By Neni Sta. Romana Cruz
26 December 2015
Philippine Daily Inquirer
At a meeting with publishers at the Department of Education last month, Education Secretary Br. Armin Luistro FSC spoke in strong, uncompromising terms regarding improving the quality of learning materials for public schools and reforming practices in the procurement of such books. It was not the first time he assumed that tone with publishers—and it certainly did not appear like it would be the last. It was a long-delayed follow-up to two earlier meetings during the year when the issue of Department Order No. 44, s. 2013 dated Sept. 26, 2013, imposing a moratorium on the purchase of supplementary reading, reference, and other instructional materials, was the principal topic on the agenda.
DO 44 announced that the DepEd was in the midst of a review of policies and guidelines to ensure that the instructional materials are the most appropriate for the needs of the intended users; that the prices are sufficiently reasonable to allow the government to maximize the use of limited public funds; and that all transactions related to the purchase are “conducted in the most ethical and transparent manner.”
DO 44 also prohibited all education officials from recommending or endorsing any purchase of instructional materials using non-DepEd fund sources, including the Special Education Fund and the Priority Development Assistance Fund, the latter fortunately and hopefully no longer in existence.
At a meeting last January, among the other points of discussion were: the necessary purchase of a large number of books for students numbering 21 million nationwide; the curriculum as the sole basis for the choice of instructional materials; the need for instructional materials for school libraries in the elementary, junior high and senior high school levels, as well as classroom libraries; and the urgent need for instructional materials in the 19 languages for K-to-12 for Mother Tongue-Based Multilingual Education.
The DepEd’s initial major requirement in January was for book publishers to organize themselves into an inclusive group that would speak with one voice. Thus was born the Philippine Book Development Federation or PhilBook.
The meeting last month was thus a most welcome one. The DepEd’s review made it possible for Luistro to announce that the moratorium was coming to an end. From the “long revered” (by some sectors in the DepEd) and seemingly untouchable voluminous list of supplementary materials which have passed the criteria of the Instructional Materials Council Secretariat, a much-needed updated list would be generated. The contents of the old list would be weeded, retaining only titles still relevant, as well as all award-winning books. The identities of the individuals working on the new list are being kept confidential to ensure the independence and impartiality of this body.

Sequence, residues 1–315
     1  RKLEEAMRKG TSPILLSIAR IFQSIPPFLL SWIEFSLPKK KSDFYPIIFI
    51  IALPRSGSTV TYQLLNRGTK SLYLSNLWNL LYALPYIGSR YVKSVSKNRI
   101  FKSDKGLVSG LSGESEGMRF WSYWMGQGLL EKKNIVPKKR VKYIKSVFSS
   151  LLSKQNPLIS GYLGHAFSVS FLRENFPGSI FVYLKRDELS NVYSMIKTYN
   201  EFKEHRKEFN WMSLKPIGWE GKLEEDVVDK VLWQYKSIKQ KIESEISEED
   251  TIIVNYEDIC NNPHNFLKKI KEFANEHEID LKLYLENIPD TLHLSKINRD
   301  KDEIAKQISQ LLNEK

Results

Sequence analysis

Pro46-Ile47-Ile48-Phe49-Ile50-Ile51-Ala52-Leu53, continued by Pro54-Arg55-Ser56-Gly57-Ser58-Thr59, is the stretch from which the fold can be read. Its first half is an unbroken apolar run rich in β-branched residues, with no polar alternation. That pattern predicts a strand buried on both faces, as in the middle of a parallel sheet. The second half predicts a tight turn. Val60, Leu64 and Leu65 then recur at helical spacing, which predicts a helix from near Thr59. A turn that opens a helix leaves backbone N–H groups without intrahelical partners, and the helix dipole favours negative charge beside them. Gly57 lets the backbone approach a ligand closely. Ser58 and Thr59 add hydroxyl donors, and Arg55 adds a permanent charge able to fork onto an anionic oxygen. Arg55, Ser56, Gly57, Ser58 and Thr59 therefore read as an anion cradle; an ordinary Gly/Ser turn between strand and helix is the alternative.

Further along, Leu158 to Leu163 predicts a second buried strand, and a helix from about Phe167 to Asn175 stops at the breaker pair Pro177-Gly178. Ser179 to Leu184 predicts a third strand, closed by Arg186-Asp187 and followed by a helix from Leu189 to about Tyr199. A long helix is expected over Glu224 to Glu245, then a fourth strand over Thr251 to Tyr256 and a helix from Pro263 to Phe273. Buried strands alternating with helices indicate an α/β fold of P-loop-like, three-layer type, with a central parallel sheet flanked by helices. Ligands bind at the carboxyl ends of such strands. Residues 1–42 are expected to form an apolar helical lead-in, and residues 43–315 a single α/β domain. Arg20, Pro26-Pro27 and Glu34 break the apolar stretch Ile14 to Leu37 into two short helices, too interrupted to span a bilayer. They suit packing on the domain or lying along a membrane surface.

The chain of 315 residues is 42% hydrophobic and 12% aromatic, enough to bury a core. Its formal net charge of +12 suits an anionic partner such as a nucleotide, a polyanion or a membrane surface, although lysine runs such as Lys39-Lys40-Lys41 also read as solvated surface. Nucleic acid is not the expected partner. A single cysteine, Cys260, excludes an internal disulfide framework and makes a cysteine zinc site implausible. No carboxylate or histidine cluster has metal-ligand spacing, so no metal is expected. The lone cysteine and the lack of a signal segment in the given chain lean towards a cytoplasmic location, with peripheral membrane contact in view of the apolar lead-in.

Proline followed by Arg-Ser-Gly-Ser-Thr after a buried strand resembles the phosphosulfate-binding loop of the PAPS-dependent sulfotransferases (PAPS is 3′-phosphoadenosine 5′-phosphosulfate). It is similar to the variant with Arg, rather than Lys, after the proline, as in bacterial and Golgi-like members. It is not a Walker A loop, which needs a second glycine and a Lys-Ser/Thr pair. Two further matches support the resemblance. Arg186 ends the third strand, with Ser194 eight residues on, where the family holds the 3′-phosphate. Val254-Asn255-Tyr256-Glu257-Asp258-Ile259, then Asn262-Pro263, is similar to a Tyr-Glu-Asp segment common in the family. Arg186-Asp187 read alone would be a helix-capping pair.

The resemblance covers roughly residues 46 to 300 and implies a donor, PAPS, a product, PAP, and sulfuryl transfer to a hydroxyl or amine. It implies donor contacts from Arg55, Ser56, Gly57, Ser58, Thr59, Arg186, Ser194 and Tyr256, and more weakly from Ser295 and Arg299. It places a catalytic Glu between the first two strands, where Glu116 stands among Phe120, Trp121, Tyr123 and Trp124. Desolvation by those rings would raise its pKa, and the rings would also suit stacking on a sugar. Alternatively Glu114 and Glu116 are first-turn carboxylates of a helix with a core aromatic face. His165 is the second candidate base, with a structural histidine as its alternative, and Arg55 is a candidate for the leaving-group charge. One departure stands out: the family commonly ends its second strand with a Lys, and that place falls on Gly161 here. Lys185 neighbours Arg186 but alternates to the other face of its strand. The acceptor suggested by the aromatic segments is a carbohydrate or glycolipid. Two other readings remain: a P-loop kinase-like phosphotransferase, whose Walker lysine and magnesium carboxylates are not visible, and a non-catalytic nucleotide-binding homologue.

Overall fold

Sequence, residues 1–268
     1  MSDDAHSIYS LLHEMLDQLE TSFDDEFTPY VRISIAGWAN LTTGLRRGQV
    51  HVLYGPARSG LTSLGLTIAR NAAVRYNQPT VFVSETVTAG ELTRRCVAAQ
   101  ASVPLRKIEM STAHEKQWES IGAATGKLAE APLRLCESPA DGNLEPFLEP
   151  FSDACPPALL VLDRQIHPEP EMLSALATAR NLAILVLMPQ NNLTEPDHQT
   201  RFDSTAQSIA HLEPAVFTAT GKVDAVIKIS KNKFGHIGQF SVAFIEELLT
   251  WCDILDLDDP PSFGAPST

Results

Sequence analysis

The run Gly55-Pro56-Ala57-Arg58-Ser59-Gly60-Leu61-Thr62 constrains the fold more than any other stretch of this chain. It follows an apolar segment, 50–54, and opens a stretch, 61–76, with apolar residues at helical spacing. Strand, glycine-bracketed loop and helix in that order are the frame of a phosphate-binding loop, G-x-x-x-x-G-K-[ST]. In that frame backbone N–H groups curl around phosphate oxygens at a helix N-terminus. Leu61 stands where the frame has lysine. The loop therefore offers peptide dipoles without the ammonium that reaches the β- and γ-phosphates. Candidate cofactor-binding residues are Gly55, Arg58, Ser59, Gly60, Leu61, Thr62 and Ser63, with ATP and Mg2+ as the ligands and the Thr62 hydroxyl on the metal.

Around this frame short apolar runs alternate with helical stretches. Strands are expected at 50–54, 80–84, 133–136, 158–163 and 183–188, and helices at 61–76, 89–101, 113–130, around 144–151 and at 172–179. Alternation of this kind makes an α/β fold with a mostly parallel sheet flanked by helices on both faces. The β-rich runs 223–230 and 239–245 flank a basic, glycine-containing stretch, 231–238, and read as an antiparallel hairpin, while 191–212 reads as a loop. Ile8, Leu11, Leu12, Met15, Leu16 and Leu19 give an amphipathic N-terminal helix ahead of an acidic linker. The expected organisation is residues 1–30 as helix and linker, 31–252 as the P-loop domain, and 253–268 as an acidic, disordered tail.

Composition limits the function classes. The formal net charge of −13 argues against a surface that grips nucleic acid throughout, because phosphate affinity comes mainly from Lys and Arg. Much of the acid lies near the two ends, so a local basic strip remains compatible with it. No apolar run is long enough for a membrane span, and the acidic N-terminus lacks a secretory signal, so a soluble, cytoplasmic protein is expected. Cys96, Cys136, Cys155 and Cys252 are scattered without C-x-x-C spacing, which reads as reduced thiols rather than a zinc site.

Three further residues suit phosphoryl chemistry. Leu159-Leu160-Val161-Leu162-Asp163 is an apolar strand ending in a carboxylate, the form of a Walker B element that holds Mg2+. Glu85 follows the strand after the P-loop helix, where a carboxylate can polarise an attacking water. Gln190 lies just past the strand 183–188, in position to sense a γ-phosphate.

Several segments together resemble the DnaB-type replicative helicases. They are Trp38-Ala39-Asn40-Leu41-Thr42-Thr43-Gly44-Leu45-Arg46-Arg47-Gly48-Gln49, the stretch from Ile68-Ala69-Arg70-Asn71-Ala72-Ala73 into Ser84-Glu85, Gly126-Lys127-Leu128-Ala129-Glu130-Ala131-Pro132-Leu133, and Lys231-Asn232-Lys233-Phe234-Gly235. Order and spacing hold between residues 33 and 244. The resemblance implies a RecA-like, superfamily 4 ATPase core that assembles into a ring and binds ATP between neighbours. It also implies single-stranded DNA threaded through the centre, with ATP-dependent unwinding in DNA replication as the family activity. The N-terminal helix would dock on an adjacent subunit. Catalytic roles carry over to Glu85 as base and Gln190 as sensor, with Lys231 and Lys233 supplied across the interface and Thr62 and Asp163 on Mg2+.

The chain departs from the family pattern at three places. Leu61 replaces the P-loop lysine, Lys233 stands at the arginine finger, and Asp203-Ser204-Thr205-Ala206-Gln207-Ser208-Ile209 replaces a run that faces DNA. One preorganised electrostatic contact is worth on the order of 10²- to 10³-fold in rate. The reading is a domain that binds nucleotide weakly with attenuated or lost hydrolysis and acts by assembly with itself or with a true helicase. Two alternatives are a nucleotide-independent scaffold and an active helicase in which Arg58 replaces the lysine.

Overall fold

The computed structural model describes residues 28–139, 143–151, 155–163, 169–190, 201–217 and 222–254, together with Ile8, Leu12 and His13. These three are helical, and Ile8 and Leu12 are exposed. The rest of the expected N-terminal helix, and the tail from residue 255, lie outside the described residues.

It was perhaps the happiest announcement of the day: that finally, the judgment and evaluation of credible, award-winning bodies would hold sway over any individual’s recommendation. The titles vetted by these institutions would make up the new list: the Philippine Board on Books for Young People, the Carlos Palanca Memorial Awards (children’s literature categories), Manila Critics Circle (children’s literature category, which has been discontinued but continues in the National Children’s Book Awards), Caldecott and Newbery Medal winners, and the American Library Association, Carnegie Medal, Michael L. Printz Award, Guardian Children’s Fiction Prize, and Whitbread/Costa Children’s Book Award.
The initial outcry from the publishers concerning the moratorium was that their businesses would suffer. Yet, when Undersecretary Francis Varela, since deceased, asked how much of their yearly income came from the DepEd, no publisher was willing to cite figures.
Luistro sees the publishers’ point of view, and also the inventory of books previously purchased by the DepEd. In an effort to help the publishers, he recommended that should those titles be retained and appear on the new list, they should submit suggested selling prices. No new print runs should be made as only the publishers’ existing stock will be considered for purchase. Additional print runs will be requested as the need arises.
On the book prices, Luistro expressed confidence that these would be reasonable because now, the costs would no longer include add-on expenses previously labeled by company representatives as public relations, promotions, or marketing to “facilitate” their purchase.
Those are totally unnecessary now, Luistro emphasized. In fact, he said, should any inquiries or clarifications be made to any department personnel or office in the DepEd Central Office or divisions other than to the one stipulated e-mail address— firstname.lastname@example.org—that publisher’s titles will not even be considered. He also enjoined the publishers, as he had done in the past, to use that e-mail address to report any unethical practices in the DepEd. He reminded them that he had always made that request, even providing them with his own e-mail address, but had yet to receive any report.
The most important reminder again surfaced at the end of the meeting: Publishing should be more than a business, but must also carry the resolve to produce high-quality, error-free books that our students deserve to have in their hands.
Neni Sta. Romana Cruz ( email@example.com) is chair of the National Book Development Board, a trustee of Teach for the Philippines, and a member of the Eggie Apostol Foundation.